What is Fragrance?

Fragrance is a mix of oils and aromas that creates a unique smell, or perfume. It is often used to enhance a person’s personal appearance and self-esteem, and may be found in perfume, body lotions, aftershaves and other cosmetics. Depending on how it’s used, it can also affect mood, reduce anxiety and depression and help improve sleep quality. It is often reported that certain pleasant scents can reduce pain by activating opioid pathways in the brain [1].

Most fragrance ingredients come from plants, but some are made synthetically (i.e., from chemicals made by humans rather than from natural materials). There are more than 3,500 fragrance ingredients currently in use today, a number that grows constantly as new ones are developed. Many of these have limited or no safety data, and exposure to some can cause a range of health problems. Companies aren’t required to list fragrance ingredients on their product labels, and they’re rarely included in ingredient lists.

When you buy a perfume, the scent is known as sillage. It’s the trail left behind you, like a ship’s wake in the water, or an invisible cloud that expresses your own personal style and mood. A heavier perfume will have a stronger sillage, while a lighter fragrance will leave a more subtle trail.

Fragranced products are everywhere — they’re in shampoos, conditioners, body washes, hand soaps and even some laundry detergents. In addition, we find them in many of the personal care and cleaning products we use at home, such as air fresheners and room sprays. In some cases, a fragranced product is meant to encourage us to wash our hands, which can lead to better hygiene and general health.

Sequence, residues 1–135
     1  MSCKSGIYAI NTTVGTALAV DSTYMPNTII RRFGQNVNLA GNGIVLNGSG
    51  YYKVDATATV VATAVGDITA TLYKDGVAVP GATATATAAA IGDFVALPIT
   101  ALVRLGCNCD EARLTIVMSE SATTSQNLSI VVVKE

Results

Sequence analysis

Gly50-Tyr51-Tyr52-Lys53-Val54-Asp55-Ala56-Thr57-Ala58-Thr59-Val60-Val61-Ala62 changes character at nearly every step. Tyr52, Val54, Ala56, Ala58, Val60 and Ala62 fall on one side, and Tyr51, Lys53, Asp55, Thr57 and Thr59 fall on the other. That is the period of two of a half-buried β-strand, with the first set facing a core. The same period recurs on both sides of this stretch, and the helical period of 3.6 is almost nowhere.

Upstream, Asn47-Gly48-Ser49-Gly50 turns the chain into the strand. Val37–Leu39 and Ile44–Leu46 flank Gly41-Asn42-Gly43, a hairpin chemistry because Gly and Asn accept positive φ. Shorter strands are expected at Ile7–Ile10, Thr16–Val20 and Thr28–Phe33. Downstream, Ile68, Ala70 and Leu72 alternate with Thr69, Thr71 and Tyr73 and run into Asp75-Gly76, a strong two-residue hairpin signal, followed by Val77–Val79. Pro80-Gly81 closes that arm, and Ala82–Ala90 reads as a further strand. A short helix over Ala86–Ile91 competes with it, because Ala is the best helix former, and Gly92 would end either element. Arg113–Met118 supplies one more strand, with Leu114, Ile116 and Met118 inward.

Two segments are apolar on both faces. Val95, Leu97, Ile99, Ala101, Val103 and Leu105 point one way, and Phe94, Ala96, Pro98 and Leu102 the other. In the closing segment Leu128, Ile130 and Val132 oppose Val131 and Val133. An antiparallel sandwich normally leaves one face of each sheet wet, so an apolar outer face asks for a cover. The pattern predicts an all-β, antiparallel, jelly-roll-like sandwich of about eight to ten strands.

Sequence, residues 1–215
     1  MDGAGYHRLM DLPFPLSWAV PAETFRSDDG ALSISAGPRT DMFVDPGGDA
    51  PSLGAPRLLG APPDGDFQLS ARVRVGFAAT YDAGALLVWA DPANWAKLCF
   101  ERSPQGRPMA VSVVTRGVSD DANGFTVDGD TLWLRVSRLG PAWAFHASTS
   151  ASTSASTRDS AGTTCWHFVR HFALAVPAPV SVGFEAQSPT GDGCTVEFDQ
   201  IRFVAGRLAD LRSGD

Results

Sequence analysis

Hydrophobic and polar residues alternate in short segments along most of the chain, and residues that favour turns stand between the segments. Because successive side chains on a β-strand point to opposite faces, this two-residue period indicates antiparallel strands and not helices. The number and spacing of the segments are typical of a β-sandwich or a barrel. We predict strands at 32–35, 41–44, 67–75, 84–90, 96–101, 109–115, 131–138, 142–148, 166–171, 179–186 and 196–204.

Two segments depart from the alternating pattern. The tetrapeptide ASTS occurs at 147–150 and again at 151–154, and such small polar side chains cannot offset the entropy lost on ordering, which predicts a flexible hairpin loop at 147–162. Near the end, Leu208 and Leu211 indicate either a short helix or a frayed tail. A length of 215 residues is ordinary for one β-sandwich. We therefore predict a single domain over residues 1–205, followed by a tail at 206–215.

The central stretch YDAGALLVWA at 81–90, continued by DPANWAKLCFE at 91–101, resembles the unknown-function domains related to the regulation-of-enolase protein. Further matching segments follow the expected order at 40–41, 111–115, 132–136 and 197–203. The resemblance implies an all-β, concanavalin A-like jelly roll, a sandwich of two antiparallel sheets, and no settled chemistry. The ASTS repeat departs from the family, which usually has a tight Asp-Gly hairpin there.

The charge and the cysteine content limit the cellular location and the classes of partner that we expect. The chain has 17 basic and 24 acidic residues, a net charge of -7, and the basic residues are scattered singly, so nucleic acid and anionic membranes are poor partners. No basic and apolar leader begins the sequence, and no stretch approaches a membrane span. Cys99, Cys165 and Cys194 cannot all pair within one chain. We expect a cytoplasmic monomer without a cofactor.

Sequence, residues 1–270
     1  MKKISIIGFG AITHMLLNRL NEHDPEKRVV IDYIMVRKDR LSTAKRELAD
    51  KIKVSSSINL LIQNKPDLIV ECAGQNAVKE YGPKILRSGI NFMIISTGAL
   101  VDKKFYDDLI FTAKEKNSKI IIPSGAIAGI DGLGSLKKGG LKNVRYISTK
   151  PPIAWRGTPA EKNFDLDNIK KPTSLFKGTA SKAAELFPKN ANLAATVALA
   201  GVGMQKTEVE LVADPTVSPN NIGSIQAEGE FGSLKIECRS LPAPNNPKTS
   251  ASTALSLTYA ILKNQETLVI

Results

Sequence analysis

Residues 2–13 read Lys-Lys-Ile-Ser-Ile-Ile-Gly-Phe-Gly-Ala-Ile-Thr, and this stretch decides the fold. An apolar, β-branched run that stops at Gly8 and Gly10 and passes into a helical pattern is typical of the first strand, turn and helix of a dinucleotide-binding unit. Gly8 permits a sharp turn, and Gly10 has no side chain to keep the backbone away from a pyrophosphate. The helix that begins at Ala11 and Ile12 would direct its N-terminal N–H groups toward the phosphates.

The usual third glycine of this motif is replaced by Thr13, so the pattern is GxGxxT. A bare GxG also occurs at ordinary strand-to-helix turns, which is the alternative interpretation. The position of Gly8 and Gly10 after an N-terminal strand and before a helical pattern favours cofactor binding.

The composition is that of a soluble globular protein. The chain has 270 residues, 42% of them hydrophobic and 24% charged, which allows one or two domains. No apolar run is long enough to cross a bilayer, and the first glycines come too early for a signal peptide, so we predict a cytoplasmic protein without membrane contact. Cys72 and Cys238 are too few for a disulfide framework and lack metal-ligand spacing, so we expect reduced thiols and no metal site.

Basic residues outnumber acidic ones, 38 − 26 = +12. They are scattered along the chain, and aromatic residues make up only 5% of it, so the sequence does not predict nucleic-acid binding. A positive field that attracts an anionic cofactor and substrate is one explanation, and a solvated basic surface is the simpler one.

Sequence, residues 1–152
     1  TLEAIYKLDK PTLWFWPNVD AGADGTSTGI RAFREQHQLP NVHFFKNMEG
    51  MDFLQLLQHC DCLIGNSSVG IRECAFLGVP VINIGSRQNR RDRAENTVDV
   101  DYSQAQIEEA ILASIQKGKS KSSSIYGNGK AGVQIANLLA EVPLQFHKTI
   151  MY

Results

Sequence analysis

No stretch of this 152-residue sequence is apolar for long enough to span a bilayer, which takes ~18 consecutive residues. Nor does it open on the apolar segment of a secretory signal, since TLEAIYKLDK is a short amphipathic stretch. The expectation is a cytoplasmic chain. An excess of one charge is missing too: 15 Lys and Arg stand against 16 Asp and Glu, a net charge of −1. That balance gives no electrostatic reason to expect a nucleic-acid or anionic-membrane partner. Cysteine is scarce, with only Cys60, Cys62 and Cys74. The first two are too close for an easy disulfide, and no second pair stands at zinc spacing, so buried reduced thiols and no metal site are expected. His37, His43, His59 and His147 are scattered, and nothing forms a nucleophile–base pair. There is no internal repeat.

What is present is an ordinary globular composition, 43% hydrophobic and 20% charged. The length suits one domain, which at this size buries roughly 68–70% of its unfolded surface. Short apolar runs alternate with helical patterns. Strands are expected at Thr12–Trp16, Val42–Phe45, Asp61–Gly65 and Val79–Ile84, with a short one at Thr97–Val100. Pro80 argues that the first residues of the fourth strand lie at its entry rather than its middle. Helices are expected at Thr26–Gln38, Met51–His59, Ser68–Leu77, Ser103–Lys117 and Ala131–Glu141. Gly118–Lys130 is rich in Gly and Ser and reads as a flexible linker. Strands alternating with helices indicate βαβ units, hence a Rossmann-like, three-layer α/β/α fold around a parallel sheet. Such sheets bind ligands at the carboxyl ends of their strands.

While there are many benefits to using fragranced products, it’s important to keep in mind that they can also be a source of unwanted exposure to toxic chemicals. Many of the ingredients in fragranced products are derived from synthetic sources, and exposure to these substances can have serious health consequences, including causing a variety of respiratory and skin allergies.

The fragrance industry has maintained a strict system of safety assurance for more than 30 years, which is based on scientific assessment of potential risks and exposure to raw fragrance materials by the Research Institute for Fragrance Materials (RIFM). This includes testing for human skin irritation, inhalation exposure, group and environmental sensitization and fragrance allergy.

The fragrance industry works with government agencies to ensure that these voluntary standards are being followed by manufacturers and that the best available science is being applied to the development, evaluation and testing of all fragranced products. In addition to RIFM, the International Fragrance Association (IFRA) has its own independent, non-profit research center to make sure that the science being used in the creation of IFRA’s fragrance standards is up to date and accurate. IFRA’s Scientific Committee on Consumer Safety, which is made up of scientists from around the world, oversees the work that IFRA’s Technical Center on Fragrance (TCF) does to test and develop fragrance standards.